Why would B of size 5 ? Where would the value of x be stored ? It can't just magically be placed somewhere else. Accessibility is there for encapsulation, so a user who doesn't know how the class functions doesn't modify something which might cause undefined behavior. It doesn't isolate information after it is compiled because it doesn't matter once it is compiled, as it is a compile time problem.
Make int c; in class B a char c; and see what the output is.
This is because of the way the compiler aligns the data to improve speed because of how data is obtained from memory. On a 32-bit system it is only able to get 32-bits from memory per tick. So if the int isn't aligned on 32-bits it would take 2 ticks to get the same information.
My question was not in what change needs to be done to make those members accessible.
I wanted to know, if they can't even be accessed, why inherit them. Will member functions defined the base class be able to access those members when derived to another class?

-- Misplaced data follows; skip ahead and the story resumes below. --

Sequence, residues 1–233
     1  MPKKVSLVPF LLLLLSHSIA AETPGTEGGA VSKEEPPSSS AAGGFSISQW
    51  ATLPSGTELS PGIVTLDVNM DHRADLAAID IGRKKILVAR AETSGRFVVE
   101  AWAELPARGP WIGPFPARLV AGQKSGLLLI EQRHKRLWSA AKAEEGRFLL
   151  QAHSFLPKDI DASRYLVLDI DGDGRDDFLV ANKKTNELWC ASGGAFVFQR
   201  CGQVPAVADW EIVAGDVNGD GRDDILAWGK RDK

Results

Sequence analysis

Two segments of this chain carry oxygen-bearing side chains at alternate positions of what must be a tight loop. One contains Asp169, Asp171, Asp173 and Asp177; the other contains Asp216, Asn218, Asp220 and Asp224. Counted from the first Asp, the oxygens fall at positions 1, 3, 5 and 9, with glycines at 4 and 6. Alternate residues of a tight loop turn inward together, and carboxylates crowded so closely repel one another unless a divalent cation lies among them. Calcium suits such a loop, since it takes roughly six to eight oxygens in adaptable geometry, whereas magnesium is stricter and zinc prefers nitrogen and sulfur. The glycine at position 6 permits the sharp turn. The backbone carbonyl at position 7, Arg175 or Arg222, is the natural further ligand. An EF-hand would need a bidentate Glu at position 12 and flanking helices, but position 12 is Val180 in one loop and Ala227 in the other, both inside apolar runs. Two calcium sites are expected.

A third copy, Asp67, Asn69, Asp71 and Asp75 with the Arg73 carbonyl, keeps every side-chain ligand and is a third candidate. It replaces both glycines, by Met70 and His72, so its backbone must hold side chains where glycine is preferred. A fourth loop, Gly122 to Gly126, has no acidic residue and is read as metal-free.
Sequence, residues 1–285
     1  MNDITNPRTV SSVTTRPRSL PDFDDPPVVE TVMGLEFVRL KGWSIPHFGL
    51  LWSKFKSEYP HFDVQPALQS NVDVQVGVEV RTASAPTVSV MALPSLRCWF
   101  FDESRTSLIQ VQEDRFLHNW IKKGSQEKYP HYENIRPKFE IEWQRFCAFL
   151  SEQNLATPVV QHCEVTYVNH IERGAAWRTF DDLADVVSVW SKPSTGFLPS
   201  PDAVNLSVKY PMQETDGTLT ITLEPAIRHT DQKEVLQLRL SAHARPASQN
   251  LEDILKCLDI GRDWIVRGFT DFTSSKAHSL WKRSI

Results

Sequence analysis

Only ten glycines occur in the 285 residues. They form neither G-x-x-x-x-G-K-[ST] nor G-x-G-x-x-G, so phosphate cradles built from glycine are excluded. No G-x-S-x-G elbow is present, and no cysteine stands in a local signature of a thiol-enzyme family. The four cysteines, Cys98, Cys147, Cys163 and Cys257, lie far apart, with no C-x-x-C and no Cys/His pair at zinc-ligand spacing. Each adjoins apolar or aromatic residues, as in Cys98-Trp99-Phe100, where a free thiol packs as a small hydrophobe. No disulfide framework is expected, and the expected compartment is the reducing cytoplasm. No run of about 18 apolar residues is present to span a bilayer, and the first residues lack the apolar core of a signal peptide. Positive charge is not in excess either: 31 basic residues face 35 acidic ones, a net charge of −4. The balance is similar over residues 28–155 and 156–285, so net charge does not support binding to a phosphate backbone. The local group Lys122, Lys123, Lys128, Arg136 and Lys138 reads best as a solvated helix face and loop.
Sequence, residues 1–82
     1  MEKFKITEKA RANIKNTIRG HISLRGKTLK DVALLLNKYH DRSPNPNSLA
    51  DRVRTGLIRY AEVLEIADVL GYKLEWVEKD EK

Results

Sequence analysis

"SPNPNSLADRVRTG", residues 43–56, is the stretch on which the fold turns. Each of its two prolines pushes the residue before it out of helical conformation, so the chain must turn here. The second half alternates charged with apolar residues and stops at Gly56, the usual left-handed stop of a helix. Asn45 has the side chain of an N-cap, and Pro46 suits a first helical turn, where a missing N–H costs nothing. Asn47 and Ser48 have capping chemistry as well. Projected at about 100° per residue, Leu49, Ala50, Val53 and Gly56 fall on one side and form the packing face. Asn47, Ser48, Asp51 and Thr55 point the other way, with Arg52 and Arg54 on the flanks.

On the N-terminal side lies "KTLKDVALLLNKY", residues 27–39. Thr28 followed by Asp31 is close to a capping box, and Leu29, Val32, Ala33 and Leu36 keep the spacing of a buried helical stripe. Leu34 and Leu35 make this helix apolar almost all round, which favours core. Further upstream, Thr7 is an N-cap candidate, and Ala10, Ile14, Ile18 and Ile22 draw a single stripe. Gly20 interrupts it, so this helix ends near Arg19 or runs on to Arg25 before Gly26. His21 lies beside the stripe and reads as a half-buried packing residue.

So is 12 bytes better than 9 bytes? Shouldn't they both take 2 ticks?
You aren't accessing the entire class as a whole, if you were to say have an array of B, if you were to do:
1 2 3 4 5 6 7 8 9
B arr[ 2 ];
sizeof( B ); // is 9 (assuming no alignment)
//assuming x is made public
arr[ 0 ].x // one tick, at address 0 (for examples sake, zero is valid)
arr[ 1 ].x // this would take two ticks as it is at address 9
// it will need to access the 32 bits at address 8 to get the first 3 bytes of c, then access address 12 to get the last byte